That price starts at 23.5 cents per kilowatt hour, but only remains in effect until Jan. 1 when it rises to 24.4 cents -- nearly three times the blended price National Grid currently pays for the rest of its power. An annual 3.5 percent escalator in the contract will see the price in the final year of the contract rise to 47.9 cents. Residents of Block Island, who pay some of the highest electric rates in the nation, will realize savings. And even with such a high price, the typical ratepayer on the mainland, according to National Grid, will see a bill increase of only about $1.07 per month in the first year of operation because the wind farm will produce a relatively small amount of power.
Ratepayers are also expected to catch a small break because of a clause in the contract that restricts how much Deepwater can get paid if the wind farm produces more than 40 percent of its capacity on an annual basis. Deepwater is now conservatively estimating that the wind farm's net capacity will be 47 percent. If that pans out, under the contract clause, the price per kilowatt hour could be a couple pennies cheaper. Operation of the wind farm will be closely watched by a host of parties. A wall-mounted monitor in Deepwater's offices gives real-time status updates on the turbines to company employees. On the morning that Grybowski spoke, the screen reported that two turbines were churning out power, two more were on but not spinning and the damaged one was shut down completely.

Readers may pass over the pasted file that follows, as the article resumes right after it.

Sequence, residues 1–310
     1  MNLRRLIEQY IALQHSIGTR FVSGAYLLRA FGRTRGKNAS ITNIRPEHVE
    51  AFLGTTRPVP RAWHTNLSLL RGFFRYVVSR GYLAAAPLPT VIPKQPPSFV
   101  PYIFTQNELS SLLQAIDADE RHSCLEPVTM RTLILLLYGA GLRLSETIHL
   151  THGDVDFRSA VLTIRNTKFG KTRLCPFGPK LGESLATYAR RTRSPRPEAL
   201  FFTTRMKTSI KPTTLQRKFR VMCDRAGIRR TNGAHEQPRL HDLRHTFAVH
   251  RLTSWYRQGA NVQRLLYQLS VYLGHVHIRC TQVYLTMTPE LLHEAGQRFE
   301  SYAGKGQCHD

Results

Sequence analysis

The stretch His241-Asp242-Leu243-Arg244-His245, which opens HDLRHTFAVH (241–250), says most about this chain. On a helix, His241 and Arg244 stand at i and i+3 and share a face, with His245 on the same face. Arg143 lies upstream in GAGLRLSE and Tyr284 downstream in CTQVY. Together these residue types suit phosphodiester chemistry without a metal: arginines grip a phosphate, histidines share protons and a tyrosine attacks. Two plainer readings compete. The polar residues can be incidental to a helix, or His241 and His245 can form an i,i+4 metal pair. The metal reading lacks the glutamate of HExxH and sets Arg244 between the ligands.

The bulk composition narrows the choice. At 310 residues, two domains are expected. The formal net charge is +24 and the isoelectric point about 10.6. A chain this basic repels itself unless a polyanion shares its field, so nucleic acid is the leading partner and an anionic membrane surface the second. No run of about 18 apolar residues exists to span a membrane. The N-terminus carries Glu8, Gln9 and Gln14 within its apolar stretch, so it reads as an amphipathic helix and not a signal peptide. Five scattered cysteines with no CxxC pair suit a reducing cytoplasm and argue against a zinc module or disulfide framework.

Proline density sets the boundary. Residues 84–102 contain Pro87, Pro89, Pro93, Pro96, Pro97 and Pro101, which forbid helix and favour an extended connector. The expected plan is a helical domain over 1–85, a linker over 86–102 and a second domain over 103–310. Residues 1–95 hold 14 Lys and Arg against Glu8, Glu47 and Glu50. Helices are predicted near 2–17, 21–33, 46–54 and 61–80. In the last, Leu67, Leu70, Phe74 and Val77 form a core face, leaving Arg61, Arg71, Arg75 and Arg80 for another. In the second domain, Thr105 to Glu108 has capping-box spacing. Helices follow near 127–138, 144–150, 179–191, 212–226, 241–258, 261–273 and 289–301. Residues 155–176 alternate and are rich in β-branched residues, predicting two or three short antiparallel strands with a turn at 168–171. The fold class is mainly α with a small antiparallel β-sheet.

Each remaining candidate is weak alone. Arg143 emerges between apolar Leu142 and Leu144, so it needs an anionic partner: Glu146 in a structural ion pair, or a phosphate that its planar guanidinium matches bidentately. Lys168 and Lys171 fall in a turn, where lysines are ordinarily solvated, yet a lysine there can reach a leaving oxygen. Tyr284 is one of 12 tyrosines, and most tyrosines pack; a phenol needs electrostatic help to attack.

Deepwater has also hired Duke Energy Renewables to keep an eye on things around the clock from an operations center in Charlotte, N.C. Duke's main job will be liaising with ISO-NE and responding to any requests from the agency. General Electric will also be observing 24/7 from offices in Schenectady, N.Y. and Germany. Its focus will be on ensuring peak operation of the turbines. Workers can tweak systems online or send any of the 6 to 12 GE technicians based in the Quonset Business Park out by boat to service the wind farm.
It is those technicians who are getting ready to make repairs to Turbine 2, which was damaged when a drill bit was accidentally left inside a critical area. The bit was discovered when an alarm sounded, alerting GE that a foreign object was lodged within a 5-millimeter air gap in the turbine's direct-drive generator. By then, however, the bit had caused damage to an unspecified number of the 128 magnet modules that line the circular generator and are critical to producing energy. Those magnets can be replaced with relative ease, but they need to be shipped from a GE factory in France. The cost of the work is being covered by GE and won't impact ratepayers.
Apart from that setback, the series of tests on the turbines went smoothly, said Grybowski. At the time of the interview, he was anticipating approval from ISO-NE but wasn't planning anything special to mark the moment. Instead, he was focused on the decision and what it would mean for finally getting the wind farm up and running. "At that point, we'll be able to keep the wind farm in optimal operation," he said.